I understand that I am the last person in the Universe to read this book. Published in 1951 it tells the story of a fictional detective, Inspector Alan Grant. Inspector Grant is recovering in hospital from a fall down an open trap door believe it or not and, because he is bored, he begins to investigate the story of the murder of “The Princes in the Tower” – as you do. Thinking about it, it’s not a bad way to spend prolonged time in hospital. When my brother was in Bolton Royal, after being run over on a zebra crossing, it fell to me to play endless games of Connect Four to keep a bored schoolboy entertained. I have never really been able to look that game in the eye ever since.
Inspector Grant is a far deeper kind of person, fascinated by a portrait of Richard III and he thinks that he doesn’t look like the kind of person who would arrange for the murder of two young boys – which is a big assertion to make based on one portrait but that’s Inspector Grant for you. So he begins to investigate, undeterred by the fact that he is forced to lie down all the time and perhaps an even bigger obstacle, the fact that the crime happened almost 500 years earlier. I am not sure if this kind of detective story has been done before Josephine Tey wrote this book. I remember that Inspector Morse once solved a very old case from his hospital bed but that was fictional and therefore cheating a bit. I also remember, I think, a TV programme in the 70s where two detectives from Z cars pretended to look into old unsolved cases like Jack the Ripper and the Lindberg Killing. Was it Stratford Johns and Frank Windsor?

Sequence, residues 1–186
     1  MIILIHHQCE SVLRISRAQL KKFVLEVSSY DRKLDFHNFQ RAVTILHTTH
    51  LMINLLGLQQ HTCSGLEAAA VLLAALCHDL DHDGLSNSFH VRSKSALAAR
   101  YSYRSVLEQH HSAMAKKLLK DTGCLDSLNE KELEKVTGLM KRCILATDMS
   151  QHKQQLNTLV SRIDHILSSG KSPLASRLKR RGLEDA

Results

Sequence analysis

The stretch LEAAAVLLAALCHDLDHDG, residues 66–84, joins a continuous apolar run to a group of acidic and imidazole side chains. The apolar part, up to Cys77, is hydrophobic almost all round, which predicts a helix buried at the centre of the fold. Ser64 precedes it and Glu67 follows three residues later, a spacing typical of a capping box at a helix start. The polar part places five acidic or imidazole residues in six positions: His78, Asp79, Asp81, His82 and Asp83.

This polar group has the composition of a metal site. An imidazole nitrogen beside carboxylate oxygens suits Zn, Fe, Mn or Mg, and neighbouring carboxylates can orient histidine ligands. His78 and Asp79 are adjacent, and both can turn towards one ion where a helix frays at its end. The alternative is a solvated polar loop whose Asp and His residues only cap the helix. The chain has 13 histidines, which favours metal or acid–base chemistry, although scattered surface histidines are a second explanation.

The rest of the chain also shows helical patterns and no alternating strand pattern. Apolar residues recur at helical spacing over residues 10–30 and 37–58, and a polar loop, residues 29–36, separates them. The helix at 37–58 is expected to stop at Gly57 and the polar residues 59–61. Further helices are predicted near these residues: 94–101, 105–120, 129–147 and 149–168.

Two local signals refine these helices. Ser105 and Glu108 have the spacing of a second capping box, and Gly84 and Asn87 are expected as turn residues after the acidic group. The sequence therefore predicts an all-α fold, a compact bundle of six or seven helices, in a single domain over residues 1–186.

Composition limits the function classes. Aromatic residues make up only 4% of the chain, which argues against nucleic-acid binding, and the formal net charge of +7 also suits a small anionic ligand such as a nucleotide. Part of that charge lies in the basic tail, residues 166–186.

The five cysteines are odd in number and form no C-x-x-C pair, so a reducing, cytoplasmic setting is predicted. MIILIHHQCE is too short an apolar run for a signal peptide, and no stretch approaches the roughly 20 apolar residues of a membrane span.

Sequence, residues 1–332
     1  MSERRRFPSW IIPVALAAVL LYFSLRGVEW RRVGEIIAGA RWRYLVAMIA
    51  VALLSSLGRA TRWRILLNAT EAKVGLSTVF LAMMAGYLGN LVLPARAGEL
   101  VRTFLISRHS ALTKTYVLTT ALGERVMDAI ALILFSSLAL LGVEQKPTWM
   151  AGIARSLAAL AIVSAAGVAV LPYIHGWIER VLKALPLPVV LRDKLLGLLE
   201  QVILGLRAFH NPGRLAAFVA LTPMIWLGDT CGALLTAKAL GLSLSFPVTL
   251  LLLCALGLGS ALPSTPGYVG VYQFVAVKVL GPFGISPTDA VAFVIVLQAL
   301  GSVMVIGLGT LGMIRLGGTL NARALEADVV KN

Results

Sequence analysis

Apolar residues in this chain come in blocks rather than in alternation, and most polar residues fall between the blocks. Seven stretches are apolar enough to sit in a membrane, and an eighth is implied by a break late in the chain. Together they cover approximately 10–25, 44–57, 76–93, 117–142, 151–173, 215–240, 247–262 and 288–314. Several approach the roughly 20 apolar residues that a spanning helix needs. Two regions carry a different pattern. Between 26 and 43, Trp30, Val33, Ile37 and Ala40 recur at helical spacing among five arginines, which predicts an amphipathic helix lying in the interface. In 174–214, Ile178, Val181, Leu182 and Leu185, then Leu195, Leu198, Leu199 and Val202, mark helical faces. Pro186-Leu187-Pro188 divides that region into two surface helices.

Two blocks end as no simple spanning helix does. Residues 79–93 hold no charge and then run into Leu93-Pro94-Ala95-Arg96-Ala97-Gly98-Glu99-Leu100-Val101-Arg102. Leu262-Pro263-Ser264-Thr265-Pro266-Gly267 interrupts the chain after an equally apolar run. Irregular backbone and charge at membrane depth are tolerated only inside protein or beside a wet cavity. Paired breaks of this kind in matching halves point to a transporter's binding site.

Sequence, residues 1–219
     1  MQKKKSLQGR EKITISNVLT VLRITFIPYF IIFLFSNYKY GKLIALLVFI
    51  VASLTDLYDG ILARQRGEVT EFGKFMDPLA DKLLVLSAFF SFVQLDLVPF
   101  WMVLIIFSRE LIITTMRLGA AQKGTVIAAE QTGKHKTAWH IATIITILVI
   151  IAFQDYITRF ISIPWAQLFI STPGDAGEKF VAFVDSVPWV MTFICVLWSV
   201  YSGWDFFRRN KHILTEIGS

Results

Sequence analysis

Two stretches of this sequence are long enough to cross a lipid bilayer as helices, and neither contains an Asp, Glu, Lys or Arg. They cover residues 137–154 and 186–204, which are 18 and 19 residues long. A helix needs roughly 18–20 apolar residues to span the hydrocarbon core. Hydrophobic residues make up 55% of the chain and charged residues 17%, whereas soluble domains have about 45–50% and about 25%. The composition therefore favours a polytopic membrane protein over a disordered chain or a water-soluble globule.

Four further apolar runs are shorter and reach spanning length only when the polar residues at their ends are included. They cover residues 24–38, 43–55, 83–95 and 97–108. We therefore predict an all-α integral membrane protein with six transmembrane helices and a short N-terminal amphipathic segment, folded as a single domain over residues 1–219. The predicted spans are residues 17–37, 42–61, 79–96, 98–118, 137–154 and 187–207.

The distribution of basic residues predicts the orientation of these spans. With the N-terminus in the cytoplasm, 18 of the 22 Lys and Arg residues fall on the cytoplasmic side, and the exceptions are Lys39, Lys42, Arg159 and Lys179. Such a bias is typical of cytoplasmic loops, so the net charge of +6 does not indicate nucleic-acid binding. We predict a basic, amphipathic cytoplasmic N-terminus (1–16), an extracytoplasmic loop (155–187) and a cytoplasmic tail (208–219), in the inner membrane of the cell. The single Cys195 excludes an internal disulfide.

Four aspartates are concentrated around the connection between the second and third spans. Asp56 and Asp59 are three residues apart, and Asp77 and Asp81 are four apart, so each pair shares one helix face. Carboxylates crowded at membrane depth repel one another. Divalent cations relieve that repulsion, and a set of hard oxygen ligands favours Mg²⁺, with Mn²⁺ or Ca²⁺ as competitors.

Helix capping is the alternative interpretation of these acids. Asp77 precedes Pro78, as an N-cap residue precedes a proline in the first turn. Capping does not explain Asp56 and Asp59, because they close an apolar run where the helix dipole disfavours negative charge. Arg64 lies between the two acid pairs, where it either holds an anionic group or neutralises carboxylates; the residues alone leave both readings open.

Anyway, this is a cracking book. You will not be surprised to learn that Grant is unimpressed by the accounts of the time that suggested that Richard was responsible and he comes up with someone else that he thinks is much more likely. (No spoilers but it is the usual person whose name always comes up as a suspect). I was glad that I do have a smattering of English history under my belt because there’s an awful lot of Henrys and their wives and offspring knocking about so you have to keep track. I enjoyed it and I agree with Alan that there is more to this than meets the eye.
Also interesting was the part played by Thomas More who wrote the definitive history of Richard III during the life of Henry VIII. For long complicated reasons of succession that I am too tired and undereducated to go into now, it went down very well with Henry VIII that Richard was portrayed as a wicked child murderer and a hunchback and, to no one’s surprise, More was happy to supply this narrative and we have more or less accepted that as the truth ever since.
I don’t think I would bet the farm on the possibility that Richard didn’t do it. Yet, in these times of fake news when we struggle to find the truth about politicians, leaders and plenty of others who want to be the boss of us, it is interesting to speculate on the narrative that we are being fed and who benefits from what we believe. We are assured that it shouldn’t make any difference what our leaders do in their private lives – so long as they get the trains running on time. I say – not so fast sweetheart! These are weird times. It falls to us to hold our leaders to account and, as much as we can, to make sure that we are hearing and judging by the truth even if that’s not always what people want us to hear.